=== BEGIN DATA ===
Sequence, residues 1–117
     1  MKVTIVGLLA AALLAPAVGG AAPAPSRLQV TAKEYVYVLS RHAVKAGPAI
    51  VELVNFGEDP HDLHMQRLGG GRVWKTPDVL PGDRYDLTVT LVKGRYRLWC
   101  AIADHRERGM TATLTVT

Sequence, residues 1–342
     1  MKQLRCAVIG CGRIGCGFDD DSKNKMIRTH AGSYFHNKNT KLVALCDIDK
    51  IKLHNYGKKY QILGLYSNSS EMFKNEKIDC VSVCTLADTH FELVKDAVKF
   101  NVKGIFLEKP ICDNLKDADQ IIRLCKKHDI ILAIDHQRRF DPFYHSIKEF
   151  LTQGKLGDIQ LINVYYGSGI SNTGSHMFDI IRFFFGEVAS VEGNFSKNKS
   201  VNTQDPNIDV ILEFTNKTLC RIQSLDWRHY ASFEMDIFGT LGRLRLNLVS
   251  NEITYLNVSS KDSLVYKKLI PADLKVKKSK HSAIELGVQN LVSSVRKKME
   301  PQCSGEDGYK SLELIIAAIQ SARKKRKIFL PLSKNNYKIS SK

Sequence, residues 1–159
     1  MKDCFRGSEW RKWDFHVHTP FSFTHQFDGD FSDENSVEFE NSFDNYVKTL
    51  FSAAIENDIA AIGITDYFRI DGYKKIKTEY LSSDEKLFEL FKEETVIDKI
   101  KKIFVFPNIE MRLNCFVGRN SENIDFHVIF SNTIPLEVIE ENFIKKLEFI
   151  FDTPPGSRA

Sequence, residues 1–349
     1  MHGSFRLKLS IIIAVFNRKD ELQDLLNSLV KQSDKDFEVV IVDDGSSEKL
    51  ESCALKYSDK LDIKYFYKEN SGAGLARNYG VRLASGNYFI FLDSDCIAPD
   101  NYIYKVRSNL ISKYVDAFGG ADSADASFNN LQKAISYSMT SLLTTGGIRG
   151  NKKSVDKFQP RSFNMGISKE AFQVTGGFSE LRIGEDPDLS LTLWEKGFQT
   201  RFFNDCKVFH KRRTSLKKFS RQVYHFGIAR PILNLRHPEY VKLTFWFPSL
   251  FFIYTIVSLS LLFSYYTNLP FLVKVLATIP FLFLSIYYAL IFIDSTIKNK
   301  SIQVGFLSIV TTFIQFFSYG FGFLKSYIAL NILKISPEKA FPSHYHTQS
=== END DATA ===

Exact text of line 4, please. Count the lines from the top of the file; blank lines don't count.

   101  AIADHRERGM TATLTVT